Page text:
Natural athlete with cutthroat competitiveness — plays with a big-play mindset. Quick thinker when the pressure is on — artist with a flair for the dramatic. Has a big personality to hold up to the white-hot glare of a big market. Raised his game in a dramatic way in 2020 despite pandemic constrictions.

Downside: Slim build for a scrambling QB. Injury history — shoulder (which lingered from high school) and thumb injuries 2019. Struggled with turnovers down the stretch in 2019 after returning from the broken thumb.

Doesn’t always step into his throws — not a true “drive” passer. Drifts in the pocket and muddies his footwork, banking on his arm strength to bail him out. Leads to some misses that should be made. Will sail some throws and leave a few short of the mark. Still learning when to throw the fastball and when to use the changeup. Too casual and lazy with his mechanics — not everyone can play like a Patrick Mahomes highlight reel.

Makes things more difficult than they need to be — lives and dies by the sword. Passes up the layup for the trick shot. Throws some hospital balls — will get his receivers killed with a few of the high-and-over-the-middle throws he made last season. Can get itchy when the rush comes — sees color flash, skips some reads and lets it fly. Rushes through his progressions — bypasses some wide-open targets.

Gets way too cute at times. Can be his own worst enemy with some backyard tendencies. Too many jump balls in college that could be picks on Sundays. Bails out of the pocket too early. Thrived in a diverse, RPO-heavy, misdirection-fueled offense that had great receiving talent and pass protection — offensive line created a bulwark on most pass reps.

Ball security is an issue — 13 career fumbles in 30 games (28 starts). Carries the ball a bit low at times and could be victimized by backside strips. Way too fast and loose early in his career with his approach, and there were signs of it trickling into his 2020 play. Coastal Carolina game raised some decision-making concerns.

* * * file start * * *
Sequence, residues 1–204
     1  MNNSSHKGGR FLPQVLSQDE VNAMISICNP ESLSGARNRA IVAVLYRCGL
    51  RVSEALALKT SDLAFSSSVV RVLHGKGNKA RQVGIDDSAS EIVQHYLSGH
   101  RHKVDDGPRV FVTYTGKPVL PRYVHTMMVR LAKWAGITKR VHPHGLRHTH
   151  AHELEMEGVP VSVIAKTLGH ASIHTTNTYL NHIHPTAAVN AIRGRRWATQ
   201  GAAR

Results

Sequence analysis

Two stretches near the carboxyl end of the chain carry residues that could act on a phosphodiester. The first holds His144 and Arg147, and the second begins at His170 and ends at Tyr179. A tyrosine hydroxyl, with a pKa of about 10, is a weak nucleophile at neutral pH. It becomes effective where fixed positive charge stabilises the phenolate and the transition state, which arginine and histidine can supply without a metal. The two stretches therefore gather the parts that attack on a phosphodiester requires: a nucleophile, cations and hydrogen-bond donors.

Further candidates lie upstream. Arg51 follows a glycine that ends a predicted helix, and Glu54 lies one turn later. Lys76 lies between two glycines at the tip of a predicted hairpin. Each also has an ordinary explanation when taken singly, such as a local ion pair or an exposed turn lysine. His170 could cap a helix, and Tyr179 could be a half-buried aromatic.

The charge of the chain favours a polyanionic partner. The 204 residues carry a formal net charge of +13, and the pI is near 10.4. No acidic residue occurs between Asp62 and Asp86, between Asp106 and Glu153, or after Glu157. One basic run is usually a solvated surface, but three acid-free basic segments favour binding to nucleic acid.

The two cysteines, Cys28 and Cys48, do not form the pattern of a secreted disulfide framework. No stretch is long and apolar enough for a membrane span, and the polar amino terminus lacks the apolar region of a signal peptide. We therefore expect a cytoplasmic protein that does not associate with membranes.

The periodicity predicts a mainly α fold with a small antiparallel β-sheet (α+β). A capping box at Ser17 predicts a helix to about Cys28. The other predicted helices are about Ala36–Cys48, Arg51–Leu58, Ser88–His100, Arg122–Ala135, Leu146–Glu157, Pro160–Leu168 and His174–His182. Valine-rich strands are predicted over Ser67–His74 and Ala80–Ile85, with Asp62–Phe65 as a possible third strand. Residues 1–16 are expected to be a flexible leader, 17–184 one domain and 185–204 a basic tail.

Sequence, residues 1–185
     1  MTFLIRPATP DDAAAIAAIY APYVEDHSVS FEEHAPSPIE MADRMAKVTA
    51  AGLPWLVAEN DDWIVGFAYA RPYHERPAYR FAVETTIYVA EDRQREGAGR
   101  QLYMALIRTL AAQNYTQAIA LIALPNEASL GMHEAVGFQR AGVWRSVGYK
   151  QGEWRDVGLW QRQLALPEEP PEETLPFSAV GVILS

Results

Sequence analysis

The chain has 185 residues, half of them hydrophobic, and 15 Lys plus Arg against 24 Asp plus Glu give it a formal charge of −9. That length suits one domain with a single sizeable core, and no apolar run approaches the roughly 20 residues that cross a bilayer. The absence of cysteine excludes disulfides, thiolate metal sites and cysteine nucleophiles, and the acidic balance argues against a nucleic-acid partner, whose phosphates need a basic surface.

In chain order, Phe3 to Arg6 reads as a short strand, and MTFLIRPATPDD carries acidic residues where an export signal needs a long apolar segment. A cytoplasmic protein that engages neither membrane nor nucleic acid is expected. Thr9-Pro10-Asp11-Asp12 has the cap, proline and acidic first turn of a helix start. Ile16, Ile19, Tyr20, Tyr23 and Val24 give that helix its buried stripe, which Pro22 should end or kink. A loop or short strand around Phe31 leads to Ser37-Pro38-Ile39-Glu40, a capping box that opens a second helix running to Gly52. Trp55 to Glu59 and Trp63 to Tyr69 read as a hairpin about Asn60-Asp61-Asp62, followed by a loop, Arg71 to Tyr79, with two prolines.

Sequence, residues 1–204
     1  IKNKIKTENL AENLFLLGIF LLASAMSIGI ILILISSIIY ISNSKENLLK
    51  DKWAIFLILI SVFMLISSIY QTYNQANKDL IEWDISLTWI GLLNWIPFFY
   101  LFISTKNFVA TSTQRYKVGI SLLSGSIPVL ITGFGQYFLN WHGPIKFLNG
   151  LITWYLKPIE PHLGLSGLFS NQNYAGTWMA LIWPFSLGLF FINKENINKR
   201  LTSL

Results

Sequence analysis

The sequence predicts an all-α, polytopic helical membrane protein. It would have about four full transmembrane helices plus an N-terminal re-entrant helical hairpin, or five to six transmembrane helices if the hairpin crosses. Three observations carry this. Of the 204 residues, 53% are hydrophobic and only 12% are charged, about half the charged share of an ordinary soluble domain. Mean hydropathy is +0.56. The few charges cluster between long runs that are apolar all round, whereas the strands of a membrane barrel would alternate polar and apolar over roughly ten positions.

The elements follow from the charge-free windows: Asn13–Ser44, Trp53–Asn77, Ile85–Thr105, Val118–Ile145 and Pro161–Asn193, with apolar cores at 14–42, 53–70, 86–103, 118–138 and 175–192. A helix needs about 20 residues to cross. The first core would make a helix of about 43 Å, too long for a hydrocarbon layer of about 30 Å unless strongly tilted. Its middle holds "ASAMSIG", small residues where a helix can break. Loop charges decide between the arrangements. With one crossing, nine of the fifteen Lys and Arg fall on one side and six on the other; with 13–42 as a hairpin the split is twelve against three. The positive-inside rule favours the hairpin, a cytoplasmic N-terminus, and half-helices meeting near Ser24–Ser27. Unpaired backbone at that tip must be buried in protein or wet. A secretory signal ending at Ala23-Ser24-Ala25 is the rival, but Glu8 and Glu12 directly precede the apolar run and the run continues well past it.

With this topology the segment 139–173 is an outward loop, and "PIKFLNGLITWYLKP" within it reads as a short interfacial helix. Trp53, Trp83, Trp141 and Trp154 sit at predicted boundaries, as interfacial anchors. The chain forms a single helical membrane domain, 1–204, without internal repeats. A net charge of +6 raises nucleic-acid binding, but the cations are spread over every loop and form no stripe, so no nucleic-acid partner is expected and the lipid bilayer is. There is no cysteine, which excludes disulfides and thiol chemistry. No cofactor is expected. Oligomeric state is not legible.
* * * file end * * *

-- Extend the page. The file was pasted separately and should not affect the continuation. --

Level of competition was highly lacking in 2020 — zero Power Five opponents on the schedule. Career mark of 2-4 vs. ranked teams. Was not initially named a team captain on upperclassman-stacked roster (but he was on the team’s leadership council). Will let his emotions boil over at times, although he is said to have cooled down in that regard.

Best-suited destination: It has been widely speculated that Wilson is destined to be picked No. 2 overall to the New York Jets, and we like the potential fit. New offensive coordinator Mike LaFleur figures to draw heavily on the Kyle Shanahan system under which LaFleur worked in San Francisco, emphasizing the wide-zone run, play-action and heavy pocket movement.

That’s where Wilson thrived — outside the pocket, creating space and opening up possibilities with his arm, his legs and sometimes both at once. How Wilson handles structure will be interesting, and he won’t have the same caliber of pass protection or open looks he did at BYU. There will be an adjustment period amid the flashes, though, so expectations must be tempered.

Did you know: Wilson is in line to be BYU’s highest draft pick ever. The school has produced nine first-round picks, with Jim McMahon (1982) and Ziggy Ansah (2013) both going fifth overall. Since the 2011 draft, BYU has had only six picks.

Player comp: Jeff Garcia, but with a stronger arm.

Expected draft range: Top-3 pick